creatinine (mg/dl) In women: CR CL x 0.85


This formula overestimates creatinine clearance as

creatinine is also secreted by the renal tubules.

URINE DIPSTICKS
Easily available and must be done routinely on all new

admissions. Useful screening tool. PH-alkalosis-urosepsis with urea splitting organisms. Proteinuria- glomerular injury Glycosuria-tubular injury or hyperglycemia Haematuria-infection, nephrolithiasis, myoglobinuria, primary glomerular diseases. Leucocytes-urosepsis, AIN. Nitrates-urosepsis

URINE MICROSCOPY
Easy and inexpensive and can give valuable information. Normal-prerenal or postrenal. Abundant tubular epithelial cells-ATN RBC casts-vasculitis Urinary white cell casts-pyelonephritis Eosinophils-AIN Pigmented casts-myoglobinuria. Crystals-uric acid, drugs or toxins

SPOT URINE SODIUM


When renal perfusion is diminished, sodium reabsorption

increases in order to try and expand the plasma volume and in so doing improve renal perfusion. Renal sodium excretion will therefore decrease. Therefore a urine sodium of less than 20 mEq/l will indicate a prerenal aetiology. A urine sodium of greater than 40 mEg/l is most likely renal in origin

FRACTIONAL EXCRETION OF SODIUM


The fractional excretion of sodium is one of the most reliable

parameters in distinguishing prerenal from renal failure. The fractional excretion of sodium refers to the fraction of sodium filtered at the glomerulus that is excreted in the urine. The normal fractional excretion is less than 1%. Therefore if the fractional excretion is <1%-prerenal > 2%-renal FORMULA: FE NA = Urine sodium/plasma sodium x 100
Urine creatinine/plasma creatinine

SUMMARY OF URINARY ANALYSIS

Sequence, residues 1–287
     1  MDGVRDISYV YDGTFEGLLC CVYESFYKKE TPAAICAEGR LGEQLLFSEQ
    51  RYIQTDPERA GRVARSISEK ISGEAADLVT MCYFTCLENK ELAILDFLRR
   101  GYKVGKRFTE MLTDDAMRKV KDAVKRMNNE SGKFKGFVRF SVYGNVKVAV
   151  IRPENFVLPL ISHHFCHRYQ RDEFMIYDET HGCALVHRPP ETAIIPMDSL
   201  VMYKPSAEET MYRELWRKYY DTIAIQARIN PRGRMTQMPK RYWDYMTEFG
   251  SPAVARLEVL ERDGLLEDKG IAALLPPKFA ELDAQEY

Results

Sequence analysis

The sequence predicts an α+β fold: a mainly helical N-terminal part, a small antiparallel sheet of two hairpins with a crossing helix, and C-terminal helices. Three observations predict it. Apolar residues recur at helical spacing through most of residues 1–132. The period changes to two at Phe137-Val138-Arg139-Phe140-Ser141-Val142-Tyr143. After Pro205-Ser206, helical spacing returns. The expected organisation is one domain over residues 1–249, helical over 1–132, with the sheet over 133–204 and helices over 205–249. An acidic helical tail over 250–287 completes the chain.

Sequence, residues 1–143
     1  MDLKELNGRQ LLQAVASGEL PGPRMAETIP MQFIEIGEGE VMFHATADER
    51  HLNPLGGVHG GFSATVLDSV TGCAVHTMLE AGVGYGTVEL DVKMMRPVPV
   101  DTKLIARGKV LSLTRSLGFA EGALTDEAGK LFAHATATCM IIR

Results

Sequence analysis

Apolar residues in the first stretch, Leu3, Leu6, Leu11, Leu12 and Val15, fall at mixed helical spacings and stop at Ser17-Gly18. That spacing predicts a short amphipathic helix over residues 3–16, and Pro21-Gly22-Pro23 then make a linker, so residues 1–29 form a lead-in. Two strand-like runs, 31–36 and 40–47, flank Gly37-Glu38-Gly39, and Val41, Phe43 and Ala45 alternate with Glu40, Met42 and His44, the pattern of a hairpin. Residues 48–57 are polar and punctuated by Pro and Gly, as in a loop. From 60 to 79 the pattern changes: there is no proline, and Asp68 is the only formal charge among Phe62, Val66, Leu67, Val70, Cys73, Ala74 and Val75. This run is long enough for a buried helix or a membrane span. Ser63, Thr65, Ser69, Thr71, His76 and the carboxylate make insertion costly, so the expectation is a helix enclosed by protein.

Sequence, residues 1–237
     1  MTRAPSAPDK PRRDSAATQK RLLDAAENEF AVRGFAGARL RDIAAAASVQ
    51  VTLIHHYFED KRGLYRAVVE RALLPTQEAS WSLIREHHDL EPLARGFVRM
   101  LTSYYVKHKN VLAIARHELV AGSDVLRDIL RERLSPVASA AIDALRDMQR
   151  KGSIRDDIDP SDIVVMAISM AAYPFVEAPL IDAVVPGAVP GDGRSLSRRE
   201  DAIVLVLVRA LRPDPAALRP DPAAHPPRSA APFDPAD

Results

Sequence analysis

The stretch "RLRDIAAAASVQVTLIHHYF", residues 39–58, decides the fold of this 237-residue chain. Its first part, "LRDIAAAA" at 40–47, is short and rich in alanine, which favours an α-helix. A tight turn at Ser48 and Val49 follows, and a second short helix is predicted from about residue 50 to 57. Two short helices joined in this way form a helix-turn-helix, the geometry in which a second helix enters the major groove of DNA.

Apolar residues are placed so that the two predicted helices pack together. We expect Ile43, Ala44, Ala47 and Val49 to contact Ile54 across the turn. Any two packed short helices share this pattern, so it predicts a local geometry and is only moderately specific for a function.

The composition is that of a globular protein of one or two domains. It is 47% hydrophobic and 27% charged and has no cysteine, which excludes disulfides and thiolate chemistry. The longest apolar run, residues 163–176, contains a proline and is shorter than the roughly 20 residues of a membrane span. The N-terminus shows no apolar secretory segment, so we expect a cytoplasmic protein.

PRERENAL SEDIMENT BLAND ATN BROWN, GRANULAR CASTS NONE >30 AIN OBSTR WBC, BLAND, EOSINOPHILS BLOODY MINIMAL >30 LOW <20 ACUTE >40 FEW DAYS <350 <1 ACUTE >1 FEW DAYS

PROTEIN URINE SODIUM Meq/l URINE OSM Mosm/kg FE of NA

NONE < 20

> 400 <1

<350 >1

>400 VARIES

IMAGING
Imaging is of particular value to assess the following: - Size and corticomedullary differentiation of the kidneys. - Acute-normal size kidneys with normal differentiation. - Chronic-small kidneys with poor corticomedullary -

differentiation. Assess for any post obstructive causes Hydronephrosis and hydroureter Renal stones Pelvic/retroperitoneal masses.

IMAGING
Ultrasonography-first line in imaging, non invasive and

available at the bed side. Useful in assessing renal arteries, kidney size and differentiation and possible obstructive causes. CT Scanning-useful in diagnosing renal stones or pyelonephritis. Issue of nephrotoxic contrast. Retrograde and antegrade contrast studies-not done frequently. Only if underlying pathology necessitates it.

RENAL BIOPSY
Reserved as a last resort when diagnostic difficulties are

present. Studies have shown that it is safe to do an ultrasound guided renal biopsy in ICU with no change to morbidity or mortality. Remember to check and correct any thrombocytopenia, platelet dysfunction or clotting factor abnormalities prior to the biopsy.

CONCLUSION
Acute renal failure is a common condition with a high

morbidity and mortality, It is essential that a aetiological diagnosis is made as early as possible and that any reversible factors be corrected as soon as possible in order to prevent permanent renal damage. As discussed there are multiple diagnostic modalities available in order to do this. Involve the nephrologists early!!\
THANK YOU

REFERENCES
Marino, PL. The ICU book. Third edition. Published by

Lippincott Williams and Wilkins 2007. Singri N et al. Acute Renal Failure. JAMA, February 12, 2003-Vol 289, no 6. McMahon et al. Oliguria and Anuria-acute kidney injury part 1. European society of intensive care medicine. October 2010. Bersten AD, Soni N. Ohs intensive care manual. Sixth Edition. Published by Butterworth Heinemann 2009.